February 14, 2001 -- The firing of guitarist Don Felder would appear to mean the end of The Eagles, but the opposite is true: The rest of the band is in the studio right now, recording its first studio album since the rancorous sessions that produced 1980's The Long Run.
If all goes well — which may be a leap of faith — the band will have its first new studio album in 21 years in stores by the fall, with a tentative European tour to follow.
Felder was fired in early February by Eagles founders Don Henley and Glenn Frey; the reason for the ouster has still not been made public.
Felder, whose guitar riffs contributed mightily to the band's later sound, quickly responded with a lawsuit demanding his reinstatement and an accounting of all money the band made since he joined The Eagles in 1974.
Sources had reported earlier that Eagles manager Irving Azoff was letting out word that the band would tour later this year, but the new studio project has been kept under wraps. Both Henley and Frey acknowledged last year that an album was attempted in the summer of '99 but was scrapped when the material wasn't up to Henley's perfectionist standards.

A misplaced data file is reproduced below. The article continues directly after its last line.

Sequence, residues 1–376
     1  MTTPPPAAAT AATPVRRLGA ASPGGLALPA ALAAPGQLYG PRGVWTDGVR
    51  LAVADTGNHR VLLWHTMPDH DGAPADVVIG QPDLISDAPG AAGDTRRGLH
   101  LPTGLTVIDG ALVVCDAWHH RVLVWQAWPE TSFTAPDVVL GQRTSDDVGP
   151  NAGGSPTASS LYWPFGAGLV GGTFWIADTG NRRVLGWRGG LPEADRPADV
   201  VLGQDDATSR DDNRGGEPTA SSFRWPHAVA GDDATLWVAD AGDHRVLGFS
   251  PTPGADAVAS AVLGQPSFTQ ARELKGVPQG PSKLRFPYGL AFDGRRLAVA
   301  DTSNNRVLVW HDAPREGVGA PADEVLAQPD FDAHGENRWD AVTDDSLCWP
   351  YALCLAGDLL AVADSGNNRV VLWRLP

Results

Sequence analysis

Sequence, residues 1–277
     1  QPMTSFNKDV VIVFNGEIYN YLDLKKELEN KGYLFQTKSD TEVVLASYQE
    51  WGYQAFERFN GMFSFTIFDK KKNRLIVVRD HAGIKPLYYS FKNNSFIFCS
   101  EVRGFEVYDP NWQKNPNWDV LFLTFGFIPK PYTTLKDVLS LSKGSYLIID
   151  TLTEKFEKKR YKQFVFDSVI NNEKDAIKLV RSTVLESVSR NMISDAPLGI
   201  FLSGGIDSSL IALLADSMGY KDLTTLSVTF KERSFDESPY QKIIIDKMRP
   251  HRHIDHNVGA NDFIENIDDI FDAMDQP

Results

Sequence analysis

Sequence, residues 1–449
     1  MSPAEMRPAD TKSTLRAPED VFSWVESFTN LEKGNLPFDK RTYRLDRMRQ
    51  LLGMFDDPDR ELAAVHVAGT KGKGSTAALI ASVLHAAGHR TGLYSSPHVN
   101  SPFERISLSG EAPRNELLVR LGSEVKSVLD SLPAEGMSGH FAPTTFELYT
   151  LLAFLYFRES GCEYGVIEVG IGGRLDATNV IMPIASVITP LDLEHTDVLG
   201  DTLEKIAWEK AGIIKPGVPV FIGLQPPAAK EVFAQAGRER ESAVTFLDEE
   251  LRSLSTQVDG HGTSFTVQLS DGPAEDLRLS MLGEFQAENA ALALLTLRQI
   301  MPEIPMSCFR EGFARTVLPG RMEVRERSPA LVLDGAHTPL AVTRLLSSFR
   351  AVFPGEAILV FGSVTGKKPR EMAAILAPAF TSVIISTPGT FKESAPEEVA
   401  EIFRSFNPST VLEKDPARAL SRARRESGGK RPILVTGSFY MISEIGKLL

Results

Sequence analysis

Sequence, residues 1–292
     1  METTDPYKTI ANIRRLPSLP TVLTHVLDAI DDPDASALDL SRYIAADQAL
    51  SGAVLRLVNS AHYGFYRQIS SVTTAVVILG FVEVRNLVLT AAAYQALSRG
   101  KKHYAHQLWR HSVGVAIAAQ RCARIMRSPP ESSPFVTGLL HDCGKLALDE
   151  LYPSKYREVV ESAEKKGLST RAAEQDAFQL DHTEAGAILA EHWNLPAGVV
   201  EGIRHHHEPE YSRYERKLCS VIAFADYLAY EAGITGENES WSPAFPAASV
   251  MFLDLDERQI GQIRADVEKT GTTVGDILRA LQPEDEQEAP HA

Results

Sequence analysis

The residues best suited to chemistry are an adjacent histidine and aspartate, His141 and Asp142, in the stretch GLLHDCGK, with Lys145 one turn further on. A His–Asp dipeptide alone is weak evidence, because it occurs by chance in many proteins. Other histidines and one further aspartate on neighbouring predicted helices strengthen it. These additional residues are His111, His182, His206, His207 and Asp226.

The Eagles' attorney, Dan Petrocelli, would do no more than release a statement on the firing.
"We took this action because it was in the best interest of The Eagles," the statement said. "We had every legal right to do so. Mr. Felder's case is without merit."
Felder seeks to dissolve Eagles Ltd., the partnership formed by Henley, Frey, Felder, Bernie Leadon, and Randy Meisner. Apparently latter-day Eagles Joe Walsh and Timothy Schmit were hired under contract and weren't partners in the band's wealth. According to Felder's suit, Leadon and Meisner are no longer active shareholders.
Henley and Frey apparently control enough of the company to make any decisions they want; Felder's suit says the duo controls two-thirds of the corporation.
In an interview last year, Frey acknowledged that the band's box set, released just before Christmas, was done under the supervision of only himself and Henley, along with Azoff's input. He also said the next project could be a live career retrospective, focusing on tours in 1976 and 1980.
Felder's lawsuit claims that the Henley and Frey have run roughshod over his and others' rights for years, "coupled with constant threats that if Felder did not agree with Henley and Frey, Felder would be 'thrown out' of the band."
None of the musicians or Azoff were available for comment, nor did Felder's attorney return phone calls.
However, sources confirmed that the new album is underway and that a tour is in the works. No details were available as to who would replace Felder, either on an album or in live performances.